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Business

Germany Renationalizes Debt-Ridden Federal Printing Office

The German government is to renationalize the Federal Printing Office, printer of banknotes, ID cards and passports for Germany and international clients, since it has fallen into debt after privatization in 1994.

Stacks of freshly printed 50-euro notes at the Federal Printing Office

The German government reportedly wanted to keep the firm from foreign acquisition

In a statement on Tuesday Sept. 9 the Federal Printing Office said that it was to return to state ownership “in the interests of national security.”

After becoming privatized in 2004, the national mint was sold for one billion euros ($1.4 billion) to the US-British private investors Apax during Schroeder's chancellery.

The company was later driven close to bankruptcy due to a subsidiary that was making chip cards.

A “profitable company”

After major restructuring the Federal Printing Office is now a “profitable company” according to the statement, and a number of companies had registered interest in acquiring the firm. One bid came from the Munich-based printing company Giesecke and Devrient.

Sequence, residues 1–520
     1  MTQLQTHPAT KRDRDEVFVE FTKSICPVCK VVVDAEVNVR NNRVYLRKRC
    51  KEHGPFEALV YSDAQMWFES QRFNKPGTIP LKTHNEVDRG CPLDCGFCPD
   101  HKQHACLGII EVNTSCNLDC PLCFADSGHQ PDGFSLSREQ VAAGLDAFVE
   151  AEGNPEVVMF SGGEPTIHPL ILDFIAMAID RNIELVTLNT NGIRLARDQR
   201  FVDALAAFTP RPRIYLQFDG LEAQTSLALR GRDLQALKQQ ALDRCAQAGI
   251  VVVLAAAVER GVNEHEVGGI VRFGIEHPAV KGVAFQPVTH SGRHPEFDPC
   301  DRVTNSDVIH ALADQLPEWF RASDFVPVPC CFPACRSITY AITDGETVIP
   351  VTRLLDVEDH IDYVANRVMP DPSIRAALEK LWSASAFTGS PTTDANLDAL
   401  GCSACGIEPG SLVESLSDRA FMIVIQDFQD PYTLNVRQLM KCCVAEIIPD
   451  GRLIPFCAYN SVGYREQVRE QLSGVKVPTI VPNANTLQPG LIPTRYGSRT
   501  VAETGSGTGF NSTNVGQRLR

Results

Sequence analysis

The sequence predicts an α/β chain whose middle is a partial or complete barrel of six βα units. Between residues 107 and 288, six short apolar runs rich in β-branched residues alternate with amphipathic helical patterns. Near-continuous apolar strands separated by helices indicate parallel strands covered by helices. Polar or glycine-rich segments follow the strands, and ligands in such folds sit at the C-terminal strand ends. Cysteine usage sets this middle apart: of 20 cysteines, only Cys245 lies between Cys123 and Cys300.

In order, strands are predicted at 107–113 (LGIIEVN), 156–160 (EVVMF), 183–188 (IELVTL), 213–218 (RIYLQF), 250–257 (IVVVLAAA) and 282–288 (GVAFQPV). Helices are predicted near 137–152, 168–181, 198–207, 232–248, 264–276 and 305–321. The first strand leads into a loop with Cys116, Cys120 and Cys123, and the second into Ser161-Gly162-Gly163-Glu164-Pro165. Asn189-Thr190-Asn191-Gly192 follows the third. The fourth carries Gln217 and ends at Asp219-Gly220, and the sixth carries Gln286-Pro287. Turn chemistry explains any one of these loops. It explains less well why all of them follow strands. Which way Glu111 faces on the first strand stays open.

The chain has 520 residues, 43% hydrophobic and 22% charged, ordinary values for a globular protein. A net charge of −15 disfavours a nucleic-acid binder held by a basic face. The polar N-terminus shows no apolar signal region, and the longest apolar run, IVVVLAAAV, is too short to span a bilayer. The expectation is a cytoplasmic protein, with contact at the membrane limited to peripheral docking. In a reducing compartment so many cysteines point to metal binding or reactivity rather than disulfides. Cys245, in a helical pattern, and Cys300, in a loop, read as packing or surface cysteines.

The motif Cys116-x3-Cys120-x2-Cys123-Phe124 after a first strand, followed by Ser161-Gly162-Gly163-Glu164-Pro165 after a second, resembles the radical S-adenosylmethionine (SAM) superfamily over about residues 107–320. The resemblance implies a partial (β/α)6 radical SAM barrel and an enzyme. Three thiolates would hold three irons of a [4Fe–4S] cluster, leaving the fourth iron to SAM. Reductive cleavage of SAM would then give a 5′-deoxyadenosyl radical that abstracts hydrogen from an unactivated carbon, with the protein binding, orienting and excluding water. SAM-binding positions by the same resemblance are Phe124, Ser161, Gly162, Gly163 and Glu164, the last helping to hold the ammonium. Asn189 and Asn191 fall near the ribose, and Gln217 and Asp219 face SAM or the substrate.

“From our point of view a great chance has not been realized,” A speaker for G&D said.

Other companies rumored to be interested were French technology firm Sagem and the US group 3M, but according to press reports the government did not want the printing office to go to foreign ownership.

The decision to renationalize the 129-year-old company was welcomed by most of the 1,300 personnel, and by management and employees alike.

The state has already given the Federal Printing office the lucrative contract of printing the new electronically readable passports and the company has announced plans for a new production plant in Berlin costing up to 50 million euros ($69.5 million).

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